There are already tools to print binary representations of numbers in the `Integer()`

class.

So for `n=3`

you want 3 sets of binary digits outputted, with 3 bits in each output. `toBinaryString()`

takes an `int`

parameter and returns "the string representation of the unsigned integer value represented by the argument in binary (base 2)". You will need to make some adjustments to get the proper padding in front of binary representations that are only 2 bits in length, i.e. 0, 1, 2, 3 which are 00, 01, 10, 11, respectively.

Edit: Once I copied my snippet to an actual Eclipse project I noticed my logic for padding was incorrect. I have fixed it. This code is almost exactly what you want. But I think you'll have to do some finessing to get the amount of output digits the way you want it.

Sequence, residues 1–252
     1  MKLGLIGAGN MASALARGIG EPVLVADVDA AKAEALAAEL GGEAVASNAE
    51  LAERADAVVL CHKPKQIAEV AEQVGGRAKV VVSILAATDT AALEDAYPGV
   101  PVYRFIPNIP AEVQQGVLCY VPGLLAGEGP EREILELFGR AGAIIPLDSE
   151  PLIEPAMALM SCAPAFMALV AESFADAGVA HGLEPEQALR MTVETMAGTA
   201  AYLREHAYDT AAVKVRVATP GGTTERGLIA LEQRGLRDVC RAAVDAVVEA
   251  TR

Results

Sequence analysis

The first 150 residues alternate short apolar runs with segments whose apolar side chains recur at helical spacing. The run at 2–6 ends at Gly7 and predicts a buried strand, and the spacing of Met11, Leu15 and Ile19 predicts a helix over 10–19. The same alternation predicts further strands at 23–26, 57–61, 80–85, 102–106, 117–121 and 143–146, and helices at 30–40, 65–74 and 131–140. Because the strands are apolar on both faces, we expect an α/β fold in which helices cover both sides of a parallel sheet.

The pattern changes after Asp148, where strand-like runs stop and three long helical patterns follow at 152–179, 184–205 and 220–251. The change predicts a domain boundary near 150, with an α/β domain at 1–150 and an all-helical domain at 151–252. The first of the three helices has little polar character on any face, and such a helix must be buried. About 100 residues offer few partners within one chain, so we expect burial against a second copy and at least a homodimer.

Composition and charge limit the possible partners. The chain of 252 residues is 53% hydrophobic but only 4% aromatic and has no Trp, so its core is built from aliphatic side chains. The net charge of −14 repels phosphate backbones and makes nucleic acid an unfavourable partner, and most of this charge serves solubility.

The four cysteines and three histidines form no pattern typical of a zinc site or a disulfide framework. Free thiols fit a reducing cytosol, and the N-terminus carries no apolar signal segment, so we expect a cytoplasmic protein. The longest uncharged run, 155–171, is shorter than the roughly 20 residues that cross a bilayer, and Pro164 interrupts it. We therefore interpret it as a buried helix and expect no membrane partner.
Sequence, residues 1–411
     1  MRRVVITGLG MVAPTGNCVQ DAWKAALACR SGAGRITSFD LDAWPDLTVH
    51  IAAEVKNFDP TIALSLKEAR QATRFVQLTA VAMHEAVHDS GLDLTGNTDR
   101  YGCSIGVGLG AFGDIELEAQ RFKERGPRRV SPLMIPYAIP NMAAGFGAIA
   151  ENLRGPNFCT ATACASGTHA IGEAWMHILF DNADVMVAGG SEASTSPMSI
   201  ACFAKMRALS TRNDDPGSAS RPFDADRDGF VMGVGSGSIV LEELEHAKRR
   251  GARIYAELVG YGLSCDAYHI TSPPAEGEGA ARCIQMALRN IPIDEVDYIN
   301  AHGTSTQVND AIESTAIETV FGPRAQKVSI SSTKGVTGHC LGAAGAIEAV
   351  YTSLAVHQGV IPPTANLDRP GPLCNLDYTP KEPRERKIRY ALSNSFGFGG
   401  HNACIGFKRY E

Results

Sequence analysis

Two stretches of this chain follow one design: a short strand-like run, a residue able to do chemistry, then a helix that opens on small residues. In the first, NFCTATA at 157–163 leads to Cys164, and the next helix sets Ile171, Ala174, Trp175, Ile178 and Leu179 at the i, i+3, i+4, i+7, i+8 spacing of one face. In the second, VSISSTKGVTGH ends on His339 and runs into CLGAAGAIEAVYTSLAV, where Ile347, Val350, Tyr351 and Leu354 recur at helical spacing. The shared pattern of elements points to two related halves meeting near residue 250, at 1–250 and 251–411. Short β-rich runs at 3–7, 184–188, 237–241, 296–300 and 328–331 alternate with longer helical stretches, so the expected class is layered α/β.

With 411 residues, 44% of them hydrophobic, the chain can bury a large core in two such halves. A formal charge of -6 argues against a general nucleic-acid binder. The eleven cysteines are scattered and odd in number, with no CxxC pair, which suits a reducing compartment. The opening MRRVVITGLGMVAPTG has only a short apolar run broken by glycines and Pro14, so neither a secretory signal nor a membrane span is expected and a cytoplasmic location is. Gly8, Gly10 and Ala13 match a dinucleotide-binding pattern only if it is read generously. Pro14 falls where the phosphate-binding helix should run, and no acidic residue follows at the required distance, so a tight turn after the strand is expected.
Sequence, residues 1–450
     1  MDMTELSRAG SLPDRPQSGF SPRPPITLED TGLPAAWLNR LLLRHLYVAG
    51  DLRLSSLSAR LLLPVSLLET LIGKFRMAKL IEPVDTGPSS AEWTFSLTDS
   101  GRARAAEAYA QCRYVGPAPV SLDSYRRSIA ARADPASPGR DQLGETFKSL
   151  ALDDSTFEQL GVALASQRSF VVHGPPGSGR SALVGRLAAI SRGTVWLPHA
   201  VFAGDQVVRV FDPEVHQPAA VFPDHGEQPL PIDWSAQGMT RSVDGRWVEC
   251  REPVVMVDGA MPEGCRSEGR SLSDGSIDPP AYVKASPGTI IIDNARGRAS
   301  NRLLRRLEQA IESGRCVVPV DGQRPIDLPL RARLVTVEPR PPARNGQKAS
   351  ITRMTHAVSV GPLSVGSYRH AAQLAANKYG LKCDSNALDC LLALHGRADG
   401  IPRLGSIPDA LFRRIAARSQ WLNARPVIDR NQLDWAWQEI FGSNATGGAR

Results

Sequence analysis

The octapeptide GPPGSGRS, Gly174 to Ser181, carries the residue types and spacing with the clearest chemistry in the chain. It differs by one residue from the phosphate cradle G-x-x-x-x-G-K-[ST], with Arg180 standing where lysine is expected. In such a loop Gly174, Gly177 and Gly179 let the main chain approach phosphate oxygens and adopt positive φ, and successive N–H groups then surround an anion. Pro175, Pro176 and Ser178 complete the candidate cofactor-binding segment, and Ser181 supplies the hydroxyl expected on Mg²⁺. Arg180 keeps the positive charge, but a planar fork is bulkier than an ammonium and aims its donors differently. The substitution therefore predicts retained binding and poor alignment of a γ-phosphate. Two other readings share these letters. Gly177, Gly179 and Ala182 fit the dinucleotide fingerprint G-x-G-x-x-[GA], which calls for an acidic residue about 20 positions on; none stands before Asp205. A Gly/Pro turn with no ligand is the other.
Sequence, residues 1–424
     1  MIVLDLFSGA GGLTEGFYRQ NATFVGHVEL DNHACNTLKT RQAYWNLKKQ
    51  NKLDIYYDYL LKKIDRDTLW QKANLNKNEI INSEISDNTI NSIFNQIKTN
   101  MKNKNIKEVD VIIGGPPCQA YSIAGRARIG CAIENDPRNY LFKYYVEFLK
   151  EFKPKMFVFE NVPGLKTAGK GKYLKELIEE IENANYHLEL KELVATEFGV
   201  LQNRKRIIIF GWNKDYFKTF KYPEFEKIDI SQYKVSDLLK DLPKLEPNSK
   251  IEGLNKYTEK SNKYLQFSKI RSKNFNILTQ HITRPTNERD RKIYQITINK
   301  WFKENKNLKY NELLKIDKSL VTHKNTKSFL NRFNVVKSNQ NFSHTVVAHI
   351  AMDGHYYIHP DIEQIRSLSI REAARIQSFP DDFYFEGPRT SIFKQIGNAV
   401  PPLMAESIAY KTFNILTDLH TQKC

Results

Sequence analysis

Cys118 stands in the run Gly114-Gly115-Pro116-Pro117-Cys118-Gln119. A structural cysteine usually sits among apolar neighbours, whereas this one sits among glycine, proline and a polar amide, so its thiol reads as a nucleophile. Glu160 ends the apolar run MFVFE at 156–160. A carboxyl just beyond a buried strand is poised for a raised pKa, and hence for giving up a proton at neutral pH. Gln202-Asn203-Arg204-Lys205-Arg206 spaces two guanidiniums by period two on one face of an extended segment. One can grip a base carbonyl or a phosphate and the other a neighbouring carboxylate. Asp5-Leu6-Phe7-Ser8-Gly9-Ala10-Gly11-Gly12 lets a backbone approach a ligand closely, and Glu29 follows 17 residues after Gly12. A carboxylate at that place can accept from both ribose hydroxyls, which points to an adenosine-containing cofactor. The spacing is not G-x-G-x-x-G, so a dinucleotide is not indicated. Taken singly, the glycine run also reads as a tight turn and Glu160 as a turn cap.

```
int n = 4;
int numBits;
String paddingZero = "0";
String binary;
for(int i = 0; i <= n; i++)
{
numBits = n / 2;
if(numBits < 2)
{
numBits = 2; // Binary should never display less than 2 bits of digits for clarity.
}
binary = Integer.toBinaryString(i);
if(binary.length() < numBits)
{
do
{
binary = paddingZero + binary;
}
while(binary.length() < numBits);
}
System.out.print(binary + " "); // Appends the String representation of the binary digit to the paddingZeroes
}
```

Output

```
@ n = 3
00 01 10 11
@ n = 4
00 01 10 11 100
@ n = 7
000 001 010 011 100 101 110 111
```

Once n > 8 the numBits logic will need to change some. This will get you started.

`\r\n`

? stackoverflow.com/questions/247059/… – Thomas Weller Nov 10 '16 at 16:19